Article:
Most of the mobile phone industry has already moved to – or is moving to – a standard micro-USB charging format. Apple? They went their own way, leaving an environmental mess in their wake. The company has taken a lot of flack for some business practices in China, but this connector port change will have long-lasting effects of an environmental kind. When a company with the number of customers Apple has goes against the grain and changes one little thing that changes everything, well, you have to wonder if our support of such activity puts the blame squarely on us. We as a society should not be in a big hurry to update our technology every 6 to 12 months, period. Maybe we need to encourage companies to do the right thing rather than the new thing.

I’m updating my phone in a few weeks, as I still believe the iPhone offers the best experience for a smartphone and it syncs perfectly with my entire digital life. I hope to keep this phone for at least as long as I have kept my current one, minimizing the amount of waste I would produce by upgrading every year or so to the latest and greatest. It’s the least I can do in this connected world we live in and I hope you’ll join me in trying to make our gadgets last just a little bit longer.

What do you think about technology advances and their environmental impact?

Posted in Go Green permalink

About David (Staff Writer)

David is a writer and activist working to protect the environment and the less fortunate, having founded The Good Human in 2006. After years working in the film & television industry, David chose a different path and turned his passion for the environment into a career as a publisher and writer. He lives in Santa Monica, California. You can follow him on Twitter at @thegoodhuman.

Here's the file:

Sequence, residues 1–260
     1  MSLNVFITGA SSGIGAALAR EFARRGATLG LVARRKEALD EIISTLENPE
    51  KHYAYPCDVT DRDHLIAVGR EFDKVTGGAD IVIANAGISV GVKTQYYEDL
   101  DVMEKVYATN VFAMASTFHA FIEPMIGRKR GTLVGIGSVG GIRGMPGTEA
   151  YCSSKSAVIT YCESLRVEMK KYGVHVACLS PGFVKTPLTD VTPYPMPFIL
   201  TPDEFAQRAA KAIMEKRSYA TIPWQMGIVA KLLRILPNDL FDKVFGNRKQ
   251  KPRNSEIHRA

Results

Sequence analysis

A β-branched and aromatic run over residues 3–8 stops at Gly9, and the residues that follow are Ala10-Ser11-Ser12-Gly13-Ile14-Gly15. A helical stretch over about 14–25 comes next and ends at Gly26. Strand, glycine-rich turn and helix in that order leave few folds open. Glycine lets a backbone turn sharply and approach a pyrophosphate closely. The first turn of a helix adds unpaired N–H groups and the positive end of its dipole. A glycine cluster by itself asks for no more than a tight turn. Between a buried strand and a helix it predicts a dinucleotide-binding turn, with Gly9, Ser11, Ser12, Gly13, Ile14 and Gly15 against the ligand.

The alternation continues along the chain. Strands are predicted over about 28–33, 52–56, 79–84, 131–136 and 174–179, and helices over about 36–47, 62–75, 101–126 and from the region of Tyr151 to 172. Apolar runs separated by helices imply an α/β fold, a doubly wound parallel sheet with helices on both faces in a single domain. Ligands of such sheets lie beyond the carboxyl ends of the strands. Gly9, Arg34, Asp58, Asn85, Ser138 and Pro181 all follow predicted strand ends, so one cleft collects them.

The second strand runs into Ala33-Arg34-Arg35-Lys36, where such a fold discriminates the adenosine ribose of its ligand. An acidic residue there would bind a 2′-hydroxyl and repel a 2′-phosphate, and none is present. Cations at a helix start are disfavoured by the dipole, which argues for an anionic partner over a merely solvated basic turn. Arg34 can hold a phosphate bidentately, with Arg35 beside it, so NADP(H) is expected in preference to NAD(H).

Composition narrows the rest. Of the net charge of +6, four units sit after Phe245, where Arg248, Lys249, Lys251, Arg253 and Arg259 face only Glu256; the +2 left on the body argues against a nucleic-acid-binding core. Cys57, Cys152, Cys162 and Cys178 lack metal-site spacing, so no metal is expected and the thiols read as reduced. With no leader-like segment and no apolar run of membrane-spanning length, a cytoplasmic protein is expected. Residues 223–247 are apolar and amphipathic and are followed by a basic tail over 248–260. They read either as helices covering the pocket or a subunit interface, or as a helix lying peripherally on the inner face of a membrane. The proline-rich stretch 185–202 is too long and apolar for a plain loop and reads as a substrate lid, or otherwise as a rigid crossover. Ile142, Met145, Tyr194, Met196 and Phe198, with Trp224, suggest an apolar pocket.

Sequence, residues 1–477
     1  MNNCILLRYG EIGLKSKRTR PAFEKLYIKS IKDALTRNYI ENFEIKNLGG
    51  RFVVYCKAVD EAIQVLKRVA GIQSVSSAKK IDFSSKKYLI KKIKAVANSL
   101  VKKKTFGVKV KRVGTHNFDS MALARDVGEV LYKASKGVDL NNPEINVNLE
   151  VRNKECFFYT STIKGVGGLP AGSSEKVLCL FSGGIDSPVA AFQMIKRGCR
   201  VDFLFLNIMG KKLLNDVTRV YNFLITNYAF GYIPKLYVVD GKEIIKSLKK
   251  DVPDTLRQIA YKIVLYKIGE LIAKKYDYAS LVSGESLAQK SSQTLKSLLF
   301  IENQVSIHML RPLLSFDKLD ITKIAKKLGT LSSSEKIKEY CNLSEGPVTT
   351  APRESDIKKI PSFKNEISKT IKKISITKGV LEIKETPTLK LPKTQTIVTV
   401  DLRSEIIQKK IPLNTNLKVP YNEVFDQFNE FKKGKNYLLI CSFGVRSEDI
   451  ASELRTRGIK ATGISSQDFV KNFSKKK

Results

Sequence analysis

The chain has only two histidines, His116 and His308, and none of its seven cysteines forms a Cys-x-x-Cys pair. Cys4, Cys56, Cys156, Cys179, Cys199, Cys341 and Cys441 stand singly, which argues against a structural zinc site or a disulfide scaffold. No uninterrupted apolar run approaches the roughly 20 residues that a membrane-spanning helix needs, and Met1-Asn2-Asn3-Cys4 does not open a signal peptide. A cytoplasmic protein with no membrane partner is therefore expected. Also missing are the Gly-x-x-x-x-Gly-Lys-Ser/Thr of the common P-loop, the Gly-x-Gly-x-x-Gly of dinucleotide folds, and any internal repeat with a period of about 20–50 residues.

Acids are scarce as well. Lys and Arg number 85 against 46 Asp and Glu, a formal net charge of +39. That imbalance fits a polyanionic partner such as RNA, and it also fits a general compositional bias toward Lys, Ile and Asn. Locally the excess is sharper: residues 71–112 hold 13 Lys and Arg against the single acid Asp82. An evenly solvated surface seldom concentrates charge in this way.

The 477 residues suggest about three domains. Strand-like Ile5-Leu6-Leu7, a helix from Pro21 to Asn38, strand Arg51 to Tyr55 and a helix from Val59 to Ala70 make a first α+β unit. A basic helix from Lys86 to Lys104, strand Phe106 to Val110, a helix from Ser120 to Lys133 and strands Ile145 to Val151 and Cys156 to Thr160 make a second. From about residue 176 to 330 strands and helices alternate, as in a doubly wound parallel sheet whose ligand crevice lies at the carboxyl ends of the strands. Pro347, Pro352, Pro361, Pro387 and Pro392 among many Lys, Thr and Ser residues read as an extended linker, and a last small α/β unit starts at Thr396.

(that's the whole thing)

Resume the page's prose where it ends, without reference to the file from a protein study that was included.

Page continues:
Comments

The iPhone 5 And An Environmental Wake Up Call — 25 Comments

  1. In answer to your question – I’m a little bit torn about the impact of technology on the environment.
    On one hand – I hate rampant consumerism. If you don’t need it then why waste your money on it?

    On the other – I have a soft spot for learning about and experiencing new technologies.

    So long as things can be recycled or reused it doesn’t bother me as much.

  2. Great point. I had not thought of the environmental impact. I think it would behoove a company the size of Apple to consider these things when launching a new product. I think something can also be said for all the money they’re causing people to spend on the new accessories that should not need to be spent.